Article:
Most of us have been pulled over by a cop. Imagine for a moment that this happens to you. The cop flashes his lights, you dutifully pull over, hand over your license and registration. He informs you that he pulled you over because you didn’t stop at the stop sign. You respond with, “But officer, I interpreted the stop sign to mean, ‘Stop pressing the brake,’ so of course I drove faster!”

Pretty absurd right? Everyone knows the cop would slap you with a ticket. We all recognize shenanigans when people behave this way with mundane activities. But this behavior isn’t any cuter when theologians do it. And we see this sort of thing when it comes to the meaning of the creation week.

USA Today published an article entitled “Creationism support is at a new low. The reason should give us hope.” The article notes that, “New polling data show that for the first time in a long time there’s a notable decline in the percentage of Americans — including Christians — who hold to the ‘Young Earth’ creationist view.” The article states, “According to a Gallup poll [All Rise! – SB] conducted in May, the portion of the American public taking this position now stands at 38%, a new low in Gallup’s periodic surveys.”

What is the reason for our “hope,” according to the article? “As the poll reveals, the biggest factor in the shift is a jump in the number of Christians who are reconciling faith and evolution. They are coming to see evolution as their God’s way of creating life on Earth and continuing to shape it today.”

This really shouldn’t encourage anyone. We must clearly distinguish between what a document says and whether we accept that proclamation. The stop sign is a clear indication that a car must come to a full stop. You can accept this or reject it, but no one can reasonably interpret a stop sign to mean something else.

We must keep this distinction in mind when it comes to the creation week. So what does the Bible say about the age of the earth? Kenneth Gentry notes in his book As It Is Written that the Bible very clearly says that the earth was created in six literal twenty-four hour days. There is simply no way getting around this. He adduces several lines of evidence concerning this.

First, the lexical meaning of the Hebrew word yom simply means a literal, twenty-four hour day. He cites nine biblical scholars who all agree that that is the meaning of the term (p. 31). Further, he states, “The Theological Lexicon of the Old Testament notes that there are two primary meanings of yom: (1) ‘The basic meaning of yom is “day (from sunrise to sundown)”’ and (2) ‘in the sense of the astronomical or calendrical unit’ (TLOT 2:537 538)” (p. 94).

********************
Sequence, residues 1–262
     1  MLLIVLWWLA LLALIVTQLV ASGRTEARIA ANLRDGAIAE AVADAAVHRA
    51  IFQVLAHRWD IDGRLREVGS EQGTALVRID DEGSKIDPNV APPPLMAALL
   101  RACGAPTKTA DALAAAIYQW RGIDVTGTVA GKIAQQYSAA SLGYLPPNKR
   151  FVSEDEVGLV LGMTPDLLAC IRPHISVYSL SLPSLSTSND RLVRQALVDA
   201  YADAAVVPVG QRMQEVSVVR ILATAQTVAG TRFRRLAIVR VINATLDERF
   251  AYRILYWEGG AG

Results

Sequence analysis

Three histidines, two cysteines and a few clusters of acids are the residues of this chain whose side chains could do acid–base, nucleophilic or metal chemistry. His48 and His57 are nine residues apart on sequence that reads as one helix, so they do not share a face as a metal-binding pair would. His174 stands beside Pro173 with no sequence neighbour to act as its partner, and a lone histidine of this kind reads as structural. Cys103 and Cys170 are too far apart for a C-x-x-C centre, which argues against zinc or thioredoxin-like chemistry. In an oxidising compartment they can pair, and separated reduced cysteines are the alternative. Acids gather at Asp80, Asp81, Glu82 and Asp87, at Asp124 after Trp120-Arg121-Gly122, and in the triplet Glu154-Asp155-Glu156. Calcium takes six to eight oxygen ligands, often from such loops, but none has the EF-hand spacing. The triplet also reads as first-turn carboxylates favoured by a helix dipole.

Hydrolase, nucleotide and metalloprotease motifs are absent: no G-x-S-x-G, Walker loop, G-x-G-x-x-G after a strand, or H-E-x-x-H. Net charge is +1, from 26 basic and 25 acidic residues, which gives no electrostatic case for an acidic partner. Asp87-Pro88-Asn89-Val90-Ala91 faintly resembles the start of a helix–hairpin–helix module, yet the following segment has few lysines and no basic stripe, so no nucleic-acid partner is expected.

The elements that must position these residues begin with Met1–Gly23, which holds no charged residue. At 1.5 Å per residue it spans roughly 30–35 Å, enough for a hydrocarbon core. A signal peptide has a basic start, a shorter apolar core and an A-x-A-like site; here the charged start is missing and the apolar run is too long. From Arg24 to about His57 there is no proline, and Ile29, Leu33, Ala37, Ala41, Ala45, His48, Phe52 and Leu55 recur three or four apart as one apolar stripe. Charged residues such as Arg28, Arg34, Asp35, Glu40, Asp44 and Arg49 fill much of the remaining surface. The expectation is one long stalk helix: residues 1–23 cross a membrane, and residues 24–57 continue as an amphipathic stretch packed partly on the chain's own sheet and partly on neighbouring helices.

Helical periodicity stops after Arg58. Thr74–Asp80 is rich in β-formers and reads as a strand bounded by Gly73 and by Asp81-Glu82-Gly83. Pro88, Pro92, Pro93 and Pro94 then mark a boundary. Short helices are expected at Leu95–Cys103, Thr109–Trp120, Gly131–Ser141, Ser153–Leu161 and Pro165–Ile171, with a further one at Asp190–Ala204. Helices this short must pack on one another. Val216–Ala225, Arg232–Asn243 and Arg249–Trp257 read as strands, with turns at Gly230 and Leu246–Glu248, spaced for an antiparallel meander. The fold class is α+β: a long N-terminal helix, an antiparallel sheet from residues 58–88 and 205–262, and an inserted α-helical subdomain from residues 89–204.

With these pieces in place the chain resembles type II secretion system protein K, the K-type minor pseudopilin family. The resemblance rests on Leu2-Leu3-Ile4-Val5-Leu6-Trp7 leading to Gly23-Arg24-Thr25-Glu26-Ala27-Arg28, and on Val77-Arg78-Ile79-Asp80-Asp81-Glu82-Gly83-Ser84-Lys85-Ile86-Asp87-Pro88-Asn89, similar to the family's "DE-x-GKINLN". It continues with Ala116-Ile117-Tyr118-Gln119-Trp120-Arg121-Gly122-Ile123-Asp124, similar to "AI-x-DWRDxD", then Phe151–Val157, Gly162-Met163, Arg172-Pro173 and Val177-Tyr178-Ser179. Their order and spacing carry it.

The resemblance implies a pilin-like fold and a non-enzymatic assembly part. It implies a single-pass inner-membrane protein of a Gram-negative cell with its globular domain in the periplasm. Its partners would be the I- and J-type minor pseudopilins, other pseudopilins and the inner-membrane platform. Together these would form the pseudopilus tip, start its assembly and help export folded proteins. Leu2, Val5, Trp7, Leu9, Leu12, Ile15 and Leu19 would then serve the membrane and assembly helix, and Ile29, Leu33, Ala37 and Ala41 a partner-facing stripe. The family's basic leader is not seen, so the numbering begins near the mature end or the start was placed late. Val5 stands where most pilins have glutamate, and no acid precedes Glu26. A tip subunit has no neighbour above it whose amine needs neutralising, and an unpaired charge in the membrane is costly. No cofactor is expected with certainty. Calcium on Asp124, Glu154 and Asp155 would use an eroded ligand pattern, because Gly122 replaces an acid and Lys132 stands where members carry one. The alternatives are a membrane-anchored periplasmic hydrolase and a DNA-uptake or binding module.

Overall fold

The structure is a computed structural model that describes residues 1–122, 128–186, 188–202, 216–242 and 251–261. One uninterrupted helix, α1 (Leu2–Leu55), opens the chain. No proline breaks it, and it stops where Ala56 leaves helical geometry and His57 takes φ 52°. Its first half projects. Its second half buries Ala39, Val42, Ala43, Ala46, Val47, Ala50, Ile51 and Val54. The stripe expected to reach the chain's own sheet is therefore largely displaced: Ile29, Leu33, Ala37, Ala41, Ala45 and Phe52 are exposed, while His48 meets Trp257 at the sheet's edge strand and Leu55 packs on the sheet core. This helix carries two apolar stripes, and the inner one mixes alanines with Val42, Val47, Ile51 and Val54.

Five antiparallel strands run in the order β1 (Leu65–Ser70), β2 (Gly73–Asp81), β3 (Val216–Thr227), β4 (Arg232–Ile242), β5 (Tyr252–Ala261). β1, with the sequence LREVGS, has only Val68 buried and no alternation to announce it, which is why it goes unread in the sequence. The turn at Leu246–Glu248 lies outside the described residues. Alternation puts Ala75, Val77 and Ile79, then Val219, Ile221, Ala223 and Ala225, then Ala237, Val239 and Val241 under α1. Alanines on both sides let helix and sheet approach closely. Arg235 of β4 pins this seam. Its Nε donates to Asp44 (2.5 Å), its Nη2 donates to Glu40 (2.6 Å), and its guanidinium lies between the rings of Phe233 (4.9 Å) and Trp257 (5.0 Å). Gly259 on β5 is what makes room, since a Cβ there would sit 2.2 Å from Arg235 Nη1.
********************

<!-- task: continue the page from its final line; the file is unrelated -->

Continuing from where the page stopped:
Second, although yom can be used metaphorically, such as with the phrase “the day of the Lord,” the grammatical construction used in Genesis 1 always means day. Each day in Genesis 1 is bracketed with the phrase “evening and morning.” This clearly points to yom being a literal day.

Third, other passages in Scripture refer to the days as being literal days. Ex. 20:11 says, “For in six days the Lord made heaven and earth, the sea, and all that is in them, and rested on the seventh day. Therefore the Lord blessed the Sabbath day and made it holy.”

Fourth, there are also a number of passages that, without argument or explanation, refer to other passages in Genesis as literal. This is bolstered by the fact that Genesis is not poetry, but prose. “Indeed, Hasel (1984, 11) argues that ‘from a purely comparative approach of the literature structures, the language patterns, the syntax, the linguistic phenomena, the terminology, the sequential presentation of events in the creation account, Genesis 1 is not different from the rest of the book of Genesis or the Pentateuch for that matter.’” If Genesis 1 is not historical, then the rest of the Pentateuch isn’t. And numerous other passages interpret Genesis 1 as historical. Hos. 6:7 says, “But like Adam they transgressed the covenant.” 1 Cor. 15:21-22, “For as by a man came death, by a man has come also the resurrection of the dead. For as in Adam all die, so also in Christ shall all be made alive.” Not to mention the genealogies of Jesus in Luke 3 and Matthew 1. See also Psalms 78 and 105.

Keeping in mind the distinction made earlier, this means that regardless of the linguistic shenanigans someone may want to engage in, regardless of whether anyone accepts what it says, the text of Scripture clearly declares a literal six-day Creation. This comes from the style, lexical meaning of the words, and the fact that Scripture itself interprets it that way.

What this means is that the reason people are willing to accept evolution is because they are rejecting what the text of Scripture clearly says. This strikes at the very heart of Christianity. Jesus Himself taught, “Scripture cannot be broken” (Jn. 10:35). By rejecting the text of Scripture, we are rejecting the authority of Jesus, and thus of God Himself. We are rejecting God’s guide for our life, as He Himself declares to us that His “Word is a Lamp unto my feet” (Ps. 119:105). In other words, the reason people are trying to reconcile evolution with the existence of God is because they are becoming more atheistic.